Living in Singapore throughout my childhood and then later with my husband and children, samosas were a highlight every time I visited Little India, an Indian neighbourhood known for outstanding Indian restaurants, Dosa* cafes and bakeries. After spending several hours bargain shopping at the many stores and street vendors, my appetite was always ready for Indian fare, especially freshly made samosas. To me, it didn’t matter what filling it had, as long as it was spicy and perfectly fried.

I have been lucky to come across some homemade samosas in Vienna – either at shops or restaurants, but since going gluten-free, I have missed them so much. Here’s a recipe I developed that makes samosas possible for us “gluten-free eaters”. It is awesome either fried or baked; spicy or mild; vegetarian or with meat. With a bit of effort making an authentic filling and a worthy pastry, I am sure you will be so pleased with the results.

A word about xanthan gum: As many of you know, gluten-free pastry can be tricky to perfect, due to the missing gluten that normally keeps the pastry together. By adding xanthan gum, this samosa pastry recipe behaves and hardly tears while rolling and filling the samosas. This is why it is essential to add xanthan gum, otherwise, you may have a tricky time assembling the samosas. Xanthan gum is starting to hit the shelves at many health stores, but there appears to many online companies worldwide selling it. With a bit of planning ahead, buy this important ingredient which will make your baking so much easier and satisfying.


*Dosa is an Indian thin pancake or crêpe made from lentils and rice, served as a snack with various chutneys and sauces. I will be posting this amazing gluten-free recipe soon!!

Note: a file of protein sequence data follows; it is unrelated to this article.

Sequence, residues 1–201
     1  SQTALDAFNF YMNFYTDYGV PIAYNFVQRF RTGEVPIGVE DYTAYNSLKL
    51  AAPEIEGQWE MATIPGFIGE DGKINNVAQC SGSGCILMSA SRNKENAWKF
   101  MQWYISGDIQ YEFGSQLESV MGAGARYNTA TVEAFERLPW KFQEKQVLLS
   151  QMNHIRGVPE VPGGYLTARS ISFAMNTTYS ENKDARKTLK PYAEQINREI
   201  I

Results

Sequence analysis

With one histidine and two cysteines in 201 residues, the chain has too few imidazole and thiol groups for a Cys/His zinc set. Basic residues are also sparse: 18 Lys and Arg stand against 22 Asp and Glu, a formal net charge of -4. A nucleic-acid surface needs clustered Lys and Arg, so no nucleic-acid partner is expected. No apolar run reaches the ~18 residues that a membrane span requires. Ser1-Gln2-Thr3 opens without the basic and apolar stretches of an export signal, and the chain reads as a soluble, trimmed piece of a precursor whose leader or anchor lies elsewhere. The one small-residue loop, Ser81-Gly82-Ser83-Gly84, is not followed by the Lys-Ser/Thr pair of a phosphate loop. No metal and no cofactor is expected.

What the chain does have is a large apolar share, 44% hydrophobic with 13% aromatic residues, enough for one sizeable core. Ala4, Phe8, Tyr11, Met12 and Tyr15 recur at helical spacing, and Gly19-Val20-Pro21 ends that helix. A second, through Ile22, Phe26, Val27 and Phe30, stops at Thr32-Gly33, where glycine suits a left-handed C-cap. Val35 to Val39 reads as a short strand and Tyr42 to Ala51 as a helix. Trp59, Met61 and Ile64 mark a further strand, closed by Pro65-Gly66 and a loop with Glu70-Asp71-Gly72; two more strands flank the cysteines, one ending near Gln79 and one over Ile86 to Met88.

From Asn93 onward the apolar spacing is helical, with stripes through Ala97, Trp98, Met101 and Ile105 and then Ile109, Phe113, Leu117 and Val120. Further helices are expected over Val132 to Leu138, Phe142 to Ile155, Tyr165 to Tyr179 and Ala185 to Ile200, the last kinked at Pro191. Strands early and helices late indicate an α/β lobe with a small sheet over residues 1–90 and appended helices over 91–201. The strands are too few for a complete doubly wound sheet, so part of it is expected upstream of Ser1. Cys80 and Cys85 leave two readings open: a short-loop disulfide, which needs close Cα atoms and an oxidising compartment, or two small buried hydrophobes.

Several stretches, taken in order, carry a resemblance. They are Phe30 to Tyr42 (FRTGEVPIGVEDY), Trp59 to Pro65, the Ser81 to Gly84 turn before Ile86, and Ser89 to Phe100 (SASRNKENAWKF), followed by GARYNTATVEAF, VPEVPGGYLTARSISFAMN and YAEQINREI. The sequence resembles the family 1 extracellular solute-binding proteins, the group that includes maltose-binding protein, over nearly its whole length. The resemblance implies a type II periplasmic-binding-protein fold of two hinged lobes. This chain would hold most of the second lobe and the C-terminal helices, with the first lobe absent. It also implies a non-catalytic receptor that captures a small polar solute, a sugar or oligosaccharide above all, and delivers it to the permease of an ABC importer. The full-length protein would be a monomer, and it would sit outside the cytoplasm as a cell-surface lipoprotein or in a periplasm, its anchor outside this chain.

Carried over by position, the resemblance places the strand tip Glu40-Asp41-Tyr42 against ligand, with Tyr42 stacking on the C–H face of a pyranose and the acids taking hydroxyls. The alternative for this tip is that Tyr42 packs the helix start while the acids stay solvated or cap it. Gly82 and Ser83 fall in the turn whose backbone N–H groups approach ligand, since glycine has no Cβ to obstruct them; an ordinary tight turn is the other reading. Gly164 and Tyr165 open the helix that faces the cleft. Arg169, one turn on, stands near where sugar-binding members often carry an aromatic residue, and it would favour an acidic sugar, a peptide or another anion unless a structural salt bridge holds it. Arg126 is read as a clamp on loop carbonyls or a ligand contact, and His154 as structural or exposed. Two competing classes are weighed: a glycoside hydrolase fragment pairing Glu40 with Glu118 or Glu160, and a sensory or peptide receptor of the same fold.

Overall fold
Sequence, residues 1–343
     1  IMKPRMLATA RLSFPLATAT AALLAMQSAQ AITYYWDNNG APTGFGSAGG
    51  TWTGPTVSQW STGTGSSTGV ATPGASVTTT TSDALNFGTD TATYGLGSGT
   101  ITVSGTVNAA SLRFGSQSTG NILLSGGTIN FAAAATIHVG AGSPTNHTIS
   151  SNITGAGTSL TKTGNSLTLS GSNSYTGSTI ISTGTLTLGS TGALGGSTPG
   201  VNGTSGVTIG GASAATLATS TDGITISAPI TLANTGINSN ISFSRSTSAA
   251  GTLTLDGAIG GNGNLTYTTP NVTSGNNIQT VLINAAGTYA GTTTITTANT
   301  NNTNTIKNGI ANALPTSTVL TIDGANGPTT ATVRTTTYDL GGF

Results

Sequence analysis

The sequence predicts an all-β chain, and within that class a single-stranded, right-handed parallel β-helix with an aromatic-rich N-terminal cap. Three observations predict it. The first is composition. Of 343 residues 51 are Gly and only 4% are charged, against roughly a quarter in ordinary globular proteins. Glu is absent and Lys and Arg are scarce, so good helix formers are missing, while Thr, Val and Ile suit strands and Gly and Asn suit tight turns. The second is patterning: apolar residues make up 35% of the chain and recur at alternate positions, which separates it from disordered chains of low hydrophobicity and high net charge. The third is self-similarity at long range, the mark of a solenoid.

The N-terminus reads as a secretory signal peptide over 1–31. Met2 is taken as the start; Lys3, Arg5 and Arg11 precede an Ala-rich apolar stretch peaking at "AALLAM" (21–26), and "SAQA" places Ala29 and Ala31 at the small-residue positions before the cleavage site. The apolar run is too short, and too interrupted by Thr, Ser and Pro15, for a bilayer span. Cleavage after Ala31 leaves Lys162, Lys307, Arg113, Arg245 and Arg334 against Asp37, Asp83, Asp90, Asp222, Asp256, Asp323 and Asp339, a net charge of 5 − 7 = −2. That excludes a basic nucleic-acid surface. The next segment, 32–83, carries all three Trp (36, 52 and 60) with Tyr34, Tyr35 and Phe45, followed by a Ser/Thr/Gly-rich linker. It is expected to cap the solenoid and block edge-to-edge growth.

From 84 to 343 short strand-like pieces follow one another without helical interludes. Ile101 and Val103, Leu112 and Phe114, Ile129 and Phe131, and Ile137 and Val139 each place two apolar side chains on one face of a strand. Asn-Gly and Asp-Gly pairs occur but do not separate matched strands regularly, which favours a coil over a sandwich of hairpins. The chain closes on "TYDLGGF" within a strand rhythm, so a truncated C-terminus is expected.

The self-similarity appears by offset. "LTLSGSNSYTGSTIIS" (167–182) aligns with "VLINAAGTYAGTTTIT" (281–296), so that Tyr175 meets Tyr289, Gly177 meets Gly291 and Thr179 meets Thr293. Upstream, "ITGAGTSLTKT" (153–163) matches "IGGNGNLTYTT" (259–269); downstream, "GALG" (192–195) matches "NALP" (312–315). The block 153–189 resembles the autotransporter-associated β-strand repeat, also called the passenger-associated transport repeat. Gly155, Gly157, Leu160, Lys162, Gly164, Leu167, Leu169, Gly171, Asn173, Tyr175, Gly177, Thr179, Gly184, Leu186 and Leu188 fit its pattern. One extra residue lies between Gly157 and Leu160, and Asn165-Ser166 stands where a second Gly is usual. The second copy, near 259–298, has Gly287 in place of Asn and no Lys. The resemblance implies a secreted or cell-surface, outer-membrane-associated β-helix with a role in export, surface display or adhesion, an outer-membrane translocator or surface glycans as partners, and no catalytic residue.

Gluten-Free Beef Samosas


For the meat samosa filling:

  • 60g ghee or butter
  • 2 onions, chopped coarsely
  • 3 garlic cloves, crushed
  • 1 green chilli, chopped (add an extra one if you like it spicy)
  • 6cm piece ginger, peeled and grated
  • 1 tablespoon cumin powder
  • ½ tablespoon coriander powder
  • 2 tablespoons store-bought or homemade garam masala
  • 1 tablespoon turmeric powder
  • ½ tablespoon chilli powder (add an extra ½ tablespoon if you like it spicy)
  • 1 large potato, cubed
  • 300g minced beef
  • 100g fresh or frozen peas
  • 250ml water or homemade beef stock
  • 1 tablespoon tomato paste
  • 1 tablespoon lemon juice
  • 1 tablespoon cornflour
  • Sunflower or vegetable oil, for deep-frying

For the samosa pastry:

  • 480g store-bought or homemade gluten-free plain flour
  • 1 tablespoon xanthan gum
  • 1 teaspoon salt
  • 6 tablespoons sunflower or vegetable oil
  • 300 – 340ml warm water
  • 1 egg, lightly beaten with a teaspoon of water (egg wash used if baking samosas)

For the samosa paste/glue:


Deep frying pan or pot

Step by Step Instructions

1. Start by preparing the beef samosa filling: Heat the ghee or butter in a large frying pan over medium heat and add the onions, garlic, green chilli, ginger, cumin, coriander, garam masala, turmeric and chilli powder, stirring often for 2 minutes.

2.​ Increase the heat to medium-high and add the potatoes. Fry for 5 minutes.